He's been vocal about his past with drugs recently, but the focus should be on his brilliant new album
Glamourizing drugs is a crime punishable by censorship and criticism, but Damon Albarn’s detractors – the ones who weren’t happy when he said heroin made him more creative – should take one listen to his first solo project, ‘Everyday Robots’, to see that the former Blue frontman wasn’t being entirely earnest.
Damon Albarn's solo effort has recieved critical acclaim
The critics have had their say, and any creativity Albarn may have gleaned via the drugs he was taking weren’t necessarily indicative of his output. Having stormed the 90s with Blur’s own take on Britpop, Albarn has worked on an eclectic group of projects with equally eclectic musicians. ‘Everyday Robots’ is his first solo LP, and, ahead of its release, the reviews are looking good.
“It’ll take some time to get to grips with, and requires input--this isn’t a passive album--but you reap what you sow, and if you take enough time with Everyday Robots, you’ll be rewarded with a dazzling LP that’ll lodge itself in your mind from now until your last breath,” wrote MusicOMH.com’s Larry Day.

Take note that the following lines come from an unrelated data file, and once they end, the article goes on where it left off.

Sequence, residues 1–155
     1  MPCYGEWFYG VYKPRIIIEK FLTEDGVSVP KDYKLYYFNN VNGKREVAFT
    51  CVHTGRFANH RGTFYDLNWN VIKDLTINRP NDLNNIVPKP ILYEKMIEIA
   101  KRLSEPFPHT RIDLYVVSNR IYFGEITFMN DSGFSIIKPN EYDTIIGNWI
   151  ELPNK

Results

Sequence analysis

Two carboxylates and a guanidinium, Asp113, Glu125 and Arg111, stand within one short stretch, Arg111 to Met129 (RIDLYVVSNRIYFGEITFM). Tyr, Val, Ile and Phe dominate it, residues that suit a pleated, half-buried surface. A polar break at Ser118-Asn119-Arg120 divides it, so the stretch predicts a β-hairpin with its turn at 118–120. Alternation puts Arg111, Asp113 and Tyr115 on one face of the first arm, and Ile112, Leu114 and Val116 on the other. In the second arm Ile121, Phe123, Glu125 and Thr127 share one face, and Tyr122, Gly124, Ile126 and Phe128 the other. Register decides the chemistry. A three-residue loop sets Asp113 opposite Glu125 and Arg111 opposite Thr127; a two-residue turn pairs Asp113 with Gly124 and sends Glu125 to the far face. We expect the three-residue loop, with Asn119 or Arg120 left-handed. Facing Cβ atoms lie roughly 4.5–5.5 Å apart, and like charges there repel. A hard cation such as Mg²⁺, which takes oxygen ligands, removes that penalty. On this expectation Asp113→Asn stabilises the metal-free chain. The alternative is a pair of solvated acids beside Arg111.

“The only moment of outright jollity arrives on “Mr Tembo”, a ukulele-driven song about a baby elephant: fittingly, the gospel choir bringing uplift to its chorus is from the church at the end of his Leytonstone road. It’s a rare moment of extrovert cheer on an intimate, introspective album that takes tentative steps to reveal the soul behind the star,” wrote The Independent’s Andy Gill.
“The phrase ‘slow-burner’ is tossed around rather carelessly, but ‘Everyday Robots’ is a definite contender. Weeks on from the first listen, it feels like it’s always been there. It doesn’t burn out so much as creep up and these songs offer yet another new guise for a remarkable talent,” wrote Gareth James of Clash Music.
“In a mood of nostalgia, Albarn is looking back at his life as it unspools over some of his most subtle, beautiful and melancholy melodies, rendered in a slightly hung-over, low-fi tone, occasionally pepped up by samples from producer Richard Russell,” wrote Helen Brown of The Telegraph.